The USPTO report estimated that the share of women inventors on granted patents increased from approximately 4 percent in 1870 to approximately 7 percent in 1940, and that the “women inventor rate” increased from approximately 4 percent in 1976 to approximately 12 percent in 2016. Despite showing a growing women inventor rate, the report also found that in 2015 women made up about 28 percent of the workforce in science and engineering, compared to which the estimated 12 percent women inventor rate pales. (For more data on gender diversity in patenting, see Fenwick’s previous article exploring findings from a Yale School of Management study.)

According to the USPTO, a study of inventors on “valuable” patent applications from 2011 to 2015 indicated that many minority groups are vastly underrepresented as patent applicants. For example, of the two largest minority groups, African Americans represent 11.3 percent of U.S.-born Americans but only 0.3 percent of patent survey respondents, and individuals of Hispanic ethnicity represent 11.5 percent of U.S.-born Americans but only 1.4 percent of survey respondents.

Even accounting for the sparsity and lack of uniformity of the studied data, the startlingly low inventorship rates for women, African Americans and Hispanics should give pause, and call for greater insight into the problem of insufficient diversity in the patent arena. In its report, the USPTO recommended enhancing its authority to gather demographic information about patent applicants, such as in a voluntary biennial survey, and/or to share demographic information among federal agencies. Such efforts, if properly implemented to respect privacy, could be of value.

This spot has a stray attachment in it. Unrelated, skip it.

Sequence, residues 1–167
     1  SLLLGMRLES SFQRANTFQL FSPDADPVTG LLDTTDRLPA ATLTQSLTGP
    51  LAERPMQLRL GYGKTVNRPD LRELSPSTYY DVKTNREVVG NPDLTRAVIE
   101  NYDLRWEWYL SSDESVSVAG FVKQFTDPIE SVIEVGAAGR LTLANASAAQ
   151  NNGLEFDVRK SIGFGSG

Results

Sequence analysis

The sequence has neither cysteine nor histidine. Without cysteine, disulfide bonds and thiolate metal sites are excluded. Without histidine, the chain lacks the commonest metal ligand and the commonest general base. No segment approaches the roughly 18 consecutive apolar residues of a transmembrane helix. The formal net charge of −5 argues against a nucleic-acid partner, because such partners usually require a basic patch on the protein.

If nothing else, the USPTO report seems like an invitation for universities or other independent organizations to undertake larger-scale studies of recent patent participation by women, minorities and veterans across different industries, normalizing for the size of the workforce made up of these groups in those industries.

Congress is continuing to explore these issues. Most recently, the House Small Business Committee conducted a hearing on January 15, 2020, including speakers from academia, government and industry. Their testimony is available here.

DISCLAIMER: Because of the generality of this update, the information provided herein may not be applicable in all situations and should not be acted upon without specific legal advice based on particular situations.

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Updated: May 25, 2018:

JD Supra is a legal publishing service that connects experts and their content with broader audiences of professionals, journalists and associations.

This Privacy Policy describes how JD Supra, LLC ("JD Supra" or "we," "us," or "our") collects, uses and shares personal data collected from visitors to our website (located at (our "Website") who view only publicly-available content as well as subscribers to our services (such as our email digests or author tools)(our "Services"). By using our Website and registering for one of our Services, you are agreeing to the terms of this Privacy Policy.

Please note that if you subscribe to one of our Services, you can make choices about how we collect, use and share your information through our Privacy Center under the "My Account" dashboard (available if you are logged into your JD Supra account).

Collection of Information

Registration Information. When you register with JD Supra for our Website and Services, either as an author or as a subscriber, you will be asked to provide identifying information to create your JD Supra account ("Registration Data"), such as your:

  • Email
  • First Name
  • Last Name
  • Company Name
  • Company Industry
  • Title
  • Country

Other Information: We also collect other information you may voluntarily provide. This may include content you provide for publication. We may also receive your communications with others through our Website and Services (such as contacting an author through our Website) or communications directly with us (such as through email, feedback or other forms or social media). If you are a subscribed user, we will also collect your user preferences, such as the types of articles you would like to read.

Information from third parties (such as, from your employer or LinkedIn): We may also receive information about you from third party sources. For example, your employer may provide your information to us, such as in connection with an article submitted by your employer for publication. If you choose to use LinkedIn to subscribe to our Website and Services, we also collect information related to your LinkedIn account and profile.